StringBuilder date = new StringBuilder();
                date.append(String.format("%04d", year));
                date.append(String.format("%02d", month));
                date.append(String.format("%02d", day));
                dates.add(date.toString());
            }
        }
    }
}

public static boolean isValidDate2(String dateString) {
    return dates.contains(dateString);
}

P.S. It can be modified to use Set<Integer> or even Trove's TIntHashSet which reduces memory usage a lot (and therefore allows to use a much larger timespan), the performance then drops to a level just below my original solution.

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That's an interesting idea. Would you store them in a HashSet after you've computed them and then check if the set contains the value? I'm not sure the most efficient way to do this. –  jjathman Jul 14 '12 at 2:47
1  
Yup, that's the idea. That'll be more efficient than most other approaches, but it's not very flexible if your date format changes. If you get to more complex date formats, doing this will be impossible due to combinatorial explosion. You would generate the combinations at the start of the application and then validations would be extremely fast. –  dfb Jul 14 '12 at 3:23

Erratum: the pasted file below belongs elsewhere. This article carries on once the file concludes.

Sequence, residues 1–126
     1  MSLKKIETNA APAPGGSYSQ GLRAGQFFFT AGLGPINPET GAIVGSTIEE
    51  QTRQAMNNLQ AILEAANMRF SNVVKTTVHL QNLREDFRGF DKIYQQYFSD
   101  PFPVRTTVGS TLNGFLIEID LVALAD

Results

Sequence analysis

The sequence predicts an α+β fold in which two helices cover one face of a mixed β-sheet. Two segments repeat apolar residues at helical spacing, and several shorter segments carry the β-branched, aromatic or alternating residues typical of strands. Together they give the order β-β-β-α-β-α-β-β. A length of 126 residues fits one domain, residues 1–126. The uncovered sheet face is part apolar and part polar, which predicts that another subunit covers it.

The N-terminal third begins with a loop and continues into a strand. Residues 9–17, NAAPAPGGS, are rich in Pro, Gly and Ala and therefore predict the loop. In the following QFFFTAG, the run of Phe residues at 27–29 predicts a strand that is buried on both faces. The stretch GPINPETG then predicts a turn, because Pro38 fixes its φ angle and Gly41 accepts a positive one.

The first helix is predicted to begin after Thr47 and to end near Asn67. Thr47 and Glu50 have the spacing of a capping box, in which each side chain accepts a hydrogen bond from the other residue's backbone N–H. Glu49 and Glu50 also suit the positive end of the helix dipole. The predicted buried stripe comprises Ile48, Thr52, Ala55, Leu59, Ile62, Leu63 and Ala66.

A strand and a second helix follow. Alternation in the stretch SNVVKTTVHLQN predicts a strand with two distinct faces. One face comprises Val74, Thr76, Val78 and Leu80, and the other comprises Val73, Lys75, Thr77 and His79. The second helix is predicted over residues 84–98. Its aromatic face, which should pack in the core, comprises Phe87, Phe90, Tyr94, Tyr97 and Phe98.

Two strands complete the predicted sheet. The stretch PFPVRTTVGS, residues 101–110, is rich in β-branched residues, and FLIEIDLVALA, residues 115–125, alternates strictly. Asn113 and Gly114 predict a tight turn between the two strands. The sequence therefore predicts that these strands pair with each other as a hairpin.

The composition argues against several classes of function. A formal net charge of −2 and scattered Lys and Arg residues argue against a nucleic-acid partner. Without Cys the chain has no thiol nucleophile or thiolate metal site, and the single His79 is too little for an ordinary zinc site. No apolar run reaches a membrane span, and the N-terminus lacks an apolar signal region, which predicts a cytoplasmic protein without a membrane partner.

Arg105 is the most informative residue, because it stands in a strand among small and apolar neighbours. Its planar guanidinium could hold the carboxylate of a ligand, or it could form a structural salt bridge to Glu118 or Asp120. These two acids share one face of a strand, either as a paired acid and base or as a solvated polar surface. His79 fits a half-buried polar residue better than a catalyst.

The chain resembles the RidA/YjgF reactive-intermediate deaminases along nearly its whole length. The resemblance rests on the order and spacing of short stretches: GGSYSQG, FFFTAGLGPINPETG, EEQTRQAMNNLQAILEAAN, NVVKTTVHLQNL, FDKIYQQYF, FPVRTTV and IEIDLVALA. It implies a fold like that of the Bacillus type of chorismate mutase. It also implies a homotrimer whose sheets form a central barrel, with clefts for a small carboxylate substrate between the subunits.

1  
@jjathman I added a reference implementation. The memory usage is not that bad! –  Slanec Jul 14 '12 at 5:26

You can revert your thinking - try to fail as quickly as possible when the String definitely is no date:

If none of those apply, then try to parse it - preferably with a pre-made static Format object, don't create one on every method run.


EDIT after comments

Based on this neat trick, I wrote a fast validation method. It looks ugly, but is significantly faster than the usual library methods (which should be used in any standard situation!), because it relies on your specific date format and does not create a Date object. It handles the date as an int and goes on from that.